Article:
Is Your New Home Covered By the TARION New Home Warranty Program?
A few years ago, I sold a brand new, high-end, custom home in the Blue Mountains that was listed for sale by another Broker. The builder, who had done an excellent job building the house, had built several other million dollar plus homes across the province over the last decade and had excellent references.
Before presenting an offer from my clients, I checked for the builders registration on the TARION warranty website so I could see if there was any history of past problems. Low and behold, he was nowhere to be found. When I enquired about this, I was told by his agent that he was “not registered but would give a personal warranty on his workmanship.” Um, no. Not good enough.
The builder said that he built the house for himself and had occupied it by using it a few week-ends here and there. Again, not good enough. We presented the offer requiring him to enroll both himself and the house under the TARION program and suggested he call them to find out what we already knew – he had to register and register he did. In the end, my clients bought the house with the full warranty in place.
Generally speaking, every new home built for sale in Ontario must be registered with TARION. While there are some exceptions, this rule applies to most of the custom and subdivision homes we sell in this area yet, I have come across unregistered homes and builders time and time again. At a recent seminar here in Collingwood, the TARION folks left the room and by the end of the day had nabbed a few illegal builders around town. They’ve even sent a few to jail over the years.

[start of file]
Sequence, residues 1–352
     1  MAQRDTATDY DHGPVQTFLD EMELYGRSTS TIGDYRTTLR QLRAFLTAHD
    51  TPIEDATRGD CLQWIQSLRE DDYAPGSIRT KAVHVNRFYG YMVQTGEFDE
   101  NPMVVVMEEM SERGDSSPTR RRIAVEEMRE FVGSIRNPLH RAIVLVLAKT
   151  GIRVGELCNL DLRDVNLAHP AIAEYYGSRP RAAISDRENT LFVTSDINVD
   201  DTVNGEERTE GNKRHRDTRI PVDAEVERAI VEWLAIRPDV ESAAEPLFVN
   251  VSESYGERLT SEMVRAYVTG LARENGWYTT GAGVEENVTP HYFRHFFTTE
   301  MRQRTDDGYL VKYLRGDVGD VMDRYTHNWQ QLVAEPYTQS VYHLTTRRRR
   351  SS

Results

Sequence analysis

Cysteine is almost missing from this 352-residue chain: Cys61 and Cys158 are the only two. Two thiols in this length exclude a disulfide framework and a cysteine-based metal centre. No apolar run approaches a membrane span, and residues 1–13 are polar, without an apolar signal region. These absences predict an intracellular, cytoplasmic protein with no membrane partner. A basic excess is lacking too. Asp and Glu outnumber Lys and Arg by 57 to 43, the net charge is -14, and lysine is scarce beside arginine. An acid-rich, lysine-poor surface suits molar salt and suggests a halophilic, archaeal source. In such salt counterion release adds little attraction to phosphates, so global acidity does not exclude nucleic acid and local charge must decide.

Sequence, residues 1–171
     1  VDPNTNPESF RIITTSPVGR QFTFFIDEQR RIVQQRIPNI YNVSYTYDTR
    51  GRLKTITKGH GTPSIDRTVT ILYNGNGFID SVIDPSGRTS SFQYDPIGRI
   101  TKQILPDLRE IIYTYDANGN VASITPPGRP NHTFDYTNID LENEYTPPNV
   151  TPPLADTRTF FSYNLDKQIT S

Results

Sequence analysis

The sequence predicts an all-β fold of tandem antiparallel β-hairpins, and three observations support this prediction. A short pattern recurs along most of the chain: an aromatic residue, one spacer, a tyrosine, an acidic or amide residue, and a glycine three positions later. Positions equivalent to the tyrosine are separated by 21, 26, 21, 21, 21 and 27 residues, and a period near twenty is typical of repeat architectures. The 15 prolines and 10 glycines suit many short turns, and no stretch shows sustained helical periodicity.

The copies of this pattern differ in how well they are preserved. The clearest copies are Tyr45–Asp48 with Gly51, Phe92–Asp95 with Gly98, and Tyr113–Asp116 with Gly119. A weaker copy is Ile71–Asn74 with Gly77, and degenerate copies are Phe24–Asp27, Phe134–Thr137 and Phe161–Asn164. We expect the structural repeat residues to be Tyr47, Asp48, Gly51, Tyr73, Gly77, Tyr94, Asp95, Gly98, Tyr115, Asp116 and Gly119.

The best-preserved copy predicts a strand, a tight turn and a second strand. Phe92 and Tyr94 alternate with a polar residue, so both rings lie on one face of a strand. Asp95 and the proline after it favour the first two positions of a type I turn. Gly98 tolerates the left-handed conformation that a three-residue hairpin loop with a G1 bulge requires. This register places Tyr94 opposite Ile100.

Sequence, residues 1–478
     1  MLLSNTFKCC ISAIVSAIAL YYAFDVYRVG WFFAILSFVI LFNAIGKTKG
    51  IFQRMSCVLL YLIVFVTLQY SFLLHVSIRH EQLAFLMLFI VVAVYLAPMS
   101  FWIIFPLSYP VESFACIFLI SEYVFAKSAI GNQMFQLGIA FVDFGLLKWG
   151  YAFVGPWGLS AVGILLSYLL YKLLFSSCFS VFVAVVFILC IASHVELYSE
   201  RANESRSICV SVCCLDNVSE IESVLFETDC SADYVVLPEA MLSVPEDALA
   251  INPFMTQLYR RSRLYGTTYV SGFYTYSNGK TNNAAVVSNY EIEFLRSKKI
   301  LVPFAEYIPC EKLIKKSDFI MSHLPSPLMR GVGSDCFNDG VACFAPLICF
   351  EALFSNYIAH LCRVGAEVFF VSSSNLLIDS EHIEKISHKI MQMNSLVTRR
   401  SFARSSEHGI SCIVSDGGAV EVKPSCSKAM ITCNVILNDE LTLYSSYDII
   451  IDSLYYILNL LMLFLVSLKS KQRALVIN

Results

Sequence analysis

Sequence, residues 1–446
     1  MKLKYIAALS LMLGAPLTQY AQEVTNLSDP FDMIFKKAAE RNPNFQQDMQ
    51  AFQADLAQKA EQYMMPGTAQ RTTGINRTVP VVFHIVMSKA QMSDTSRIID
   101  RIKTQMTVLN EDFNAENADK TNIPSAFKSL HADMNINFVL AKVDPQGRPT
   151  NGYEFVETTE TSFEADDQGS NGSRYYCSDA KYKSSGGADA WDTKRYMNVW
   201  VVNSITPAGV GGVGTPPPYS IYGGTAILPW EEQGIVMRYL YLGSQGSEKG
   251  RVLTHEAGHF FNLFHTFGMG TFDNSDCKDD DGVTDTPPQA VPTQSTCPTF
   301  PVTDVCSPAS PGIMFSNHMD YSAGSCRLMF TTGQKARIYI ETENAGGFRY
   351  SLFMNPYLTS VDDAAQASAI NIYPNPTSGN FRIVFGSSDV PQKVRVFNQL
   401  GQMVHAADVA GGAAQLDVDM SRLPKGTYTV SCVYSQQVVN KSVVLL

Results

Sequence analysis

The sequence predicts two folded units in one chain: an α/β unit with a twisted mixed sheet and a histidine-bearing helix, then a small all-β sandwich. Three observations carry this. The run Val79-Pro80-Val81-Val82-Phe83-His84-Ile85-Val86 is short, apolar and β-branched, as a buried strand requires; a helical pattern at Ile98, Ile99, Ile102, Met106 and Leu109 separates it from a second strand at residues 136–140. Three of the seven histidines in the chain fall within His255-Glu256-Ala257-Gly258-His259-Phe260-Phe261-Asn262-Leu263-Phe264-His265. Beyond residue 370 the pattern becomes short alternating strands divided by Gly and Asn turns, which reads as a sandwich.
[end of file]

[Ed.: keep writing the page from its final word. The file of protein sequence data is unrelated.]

Let’s say you are buying a home that John Smith had built for him as a spec home to sell upon completion. While John is not a builder, he owns the land and is a “flipper.” He hires ABC Construction to build a house from the foundation to the end and upon completion, he puts up a For Sale Sign. In this case, BOTH John Smith AND ABC Construction must be registered with TARION and the house must be enrolled under the program.
Here’s another example. You own a lot and happen to have super construction skills so you build your own home. Before you ever occupy it, someone comes along and offers you a price you can’t refuse so you sell it. You are now the builder of a home for sale and therefore, must register with TARION.
While TARION has an enforcement division employing former police officers, I imagine they rely on complaints or obvious advertising to find rogue builders but that is likely to change next year. Under the new Ontario Building Code Act, all municipalities will be sending information on every single new building permit to TARION. In addition, final inspections and issued occupancy permits will be required before the completion of a sale can take place.
Much to my shock, the TARION fellows told us during the seminar that 85% of custom homes do not complete as scheduled. 85%!!
Before buying a brand new home, check the TARION website to see if the builder is registered and if there have been any problems noted. If you see something called “Chargeable Conciliations,” you might want to run the other way as it represents a warranty dispute in the past.